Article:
When people talk about how theatre isn’t really the same thing when it is translated on to television or film, they could also be talking about magic. This isn’t meant metaphorically, but rather literally – magic of the I-have-nothing-up-my-sleeves, pick-a-card variety, as well as its most elaborate iterations.
The problem for magic on screen is that we can never be sure of what’s not in the frame and, if it’s been shot in advance, what may have been achieved in post-production. When films such as Now You See Me, The Prestige and The Illusionist trafficked in magic, I had to wonder whether anyone had actually learned tricks at all, or if everything was achieved digitally.
When I saw the new Off-Broadway show In and of Itself recently, I went with only the vaguest sense of what it was (I had a free night and what little I’d read seemed intriguing). While it adopts a philosophical guise of reflecting on one’s self and identity, in combination with Derek DelGaudio’s recollections of his own biography, the piece is at its core a conveyor of time-honoured illusions and skill, including card manipulation, mentalism and one stunning bit that I don’t think I’ll ever figure out.
Magic has slowly been making its way back into theatres, though it’s not always quite as centre stage as it is in a show such as The Illusionists , which has come to Broadway for the holidays three years running. It seems more Vegas spectacle – or vintage magic show – than theatre.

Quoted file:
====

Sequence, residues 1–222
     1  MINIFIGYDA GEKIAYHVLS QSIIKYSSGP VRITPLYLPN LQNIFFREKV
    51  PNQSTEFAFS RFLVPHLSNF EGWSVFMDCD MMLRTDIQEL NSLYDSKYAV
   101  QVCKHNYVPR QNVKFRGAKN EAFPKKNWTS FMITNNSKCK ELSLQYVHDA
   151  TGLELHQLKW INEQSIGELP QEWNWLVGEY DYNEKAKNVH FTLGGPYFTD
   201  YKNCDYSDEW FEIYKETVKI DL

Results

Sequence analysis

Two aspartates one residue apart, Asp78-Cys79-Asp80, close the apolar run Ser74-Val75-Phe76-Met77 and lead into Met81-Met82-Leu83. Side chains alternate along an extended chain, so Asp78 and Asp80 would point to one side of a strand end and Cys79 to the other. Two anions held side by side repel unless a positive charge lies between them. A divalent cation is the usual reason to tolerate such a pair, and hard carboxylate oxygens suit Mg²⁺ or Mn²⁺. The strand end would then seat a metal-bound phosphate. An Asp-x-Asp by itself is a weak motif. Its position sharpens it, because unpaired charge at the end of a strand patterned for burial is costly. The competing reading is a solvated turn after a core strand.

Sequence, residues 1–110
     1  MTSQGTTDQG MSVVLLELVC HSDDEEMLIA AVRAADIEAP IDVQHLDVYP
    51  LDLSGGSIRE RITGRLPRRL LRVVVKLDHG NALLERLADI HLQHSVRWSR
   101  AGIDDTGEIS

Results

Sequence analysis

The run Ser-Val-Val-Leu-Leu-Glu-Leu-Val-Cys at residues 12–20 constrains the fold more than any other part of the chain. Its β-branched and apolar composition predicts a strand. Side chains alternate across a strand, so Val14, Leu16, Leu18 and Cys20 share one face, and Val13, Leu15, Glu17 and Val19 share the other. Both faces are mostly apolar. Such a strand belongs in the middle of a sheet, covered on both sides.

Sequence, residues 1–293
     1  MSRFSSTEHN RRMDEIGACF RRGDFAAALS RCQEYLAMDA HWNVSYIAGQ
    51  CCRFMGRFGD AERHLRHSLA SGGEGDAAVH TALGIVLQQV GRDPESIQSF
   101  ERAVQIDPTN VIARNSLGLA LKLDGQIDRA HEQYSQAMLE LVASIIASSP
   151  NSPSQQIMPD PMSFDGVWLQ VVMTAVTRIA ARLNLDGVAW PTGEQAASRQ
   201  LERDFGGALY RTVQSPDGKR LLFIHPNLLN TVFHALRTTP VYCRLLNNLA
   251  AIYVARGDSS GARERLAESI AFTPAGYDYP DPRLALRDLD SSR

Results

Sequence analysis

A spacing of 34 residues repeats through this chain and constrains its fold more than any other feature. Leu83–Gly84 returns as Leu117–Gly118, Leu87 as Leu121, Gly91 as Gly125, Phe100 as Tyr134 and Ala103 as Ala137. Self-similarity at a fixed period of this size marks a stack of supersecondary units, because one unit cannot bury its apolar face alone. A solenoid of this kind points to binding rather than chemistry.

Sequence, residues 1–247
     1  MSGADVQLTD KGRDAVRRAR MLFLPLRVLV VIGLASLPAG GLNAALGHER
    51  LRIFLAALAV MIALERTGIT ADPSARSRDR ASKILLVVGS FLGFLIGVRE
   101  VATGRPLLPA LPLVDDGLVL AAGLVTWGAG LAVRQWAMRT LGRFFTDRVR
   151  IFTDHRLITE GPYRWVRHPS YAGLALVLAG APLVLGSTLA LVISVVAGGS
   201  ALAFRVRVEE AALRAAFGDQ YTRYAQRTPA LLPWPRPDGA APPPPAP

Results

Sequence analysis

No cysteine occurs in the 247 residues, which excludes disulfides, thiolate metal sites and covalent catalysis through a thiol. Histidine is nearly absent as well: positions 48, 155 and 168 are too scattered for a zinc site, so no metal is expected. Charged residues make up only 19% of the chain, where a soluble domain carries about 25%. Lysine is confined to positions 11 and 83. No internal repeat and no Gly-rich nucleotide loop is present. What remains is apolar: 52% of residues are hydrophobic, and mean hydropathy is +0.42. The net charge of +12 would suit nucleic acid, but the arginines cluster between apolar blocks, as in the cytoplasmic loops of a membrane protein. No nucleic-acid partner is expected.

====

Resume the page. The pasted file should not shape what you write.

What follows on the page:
In and of Itself is actually DelGaudio’s second intimate theatrical piece (I now regret missing his Nothing to Hide) and its existential musings seem right for its small venue, echoing one of the first shows of this kind that I saw, the mesmerising Ricky Jay and His 52 Assistants, more than 20 years ago.
The way had been paved for Jay by Penn and Teller, who burst out of small theatres in Los Angeles and New York in the mid-1980s to become headliners. Though when I last saw them, on Broadway, they were still impressing crowds with feats from that very first show, including Penn Jillette’s entrancing dissertation on the skills and dangers of fire-eating. Teller has also developed a side business in creating illusions for Shakespeare, co-directing productions of Macbeth and The Tempest in regional theatres.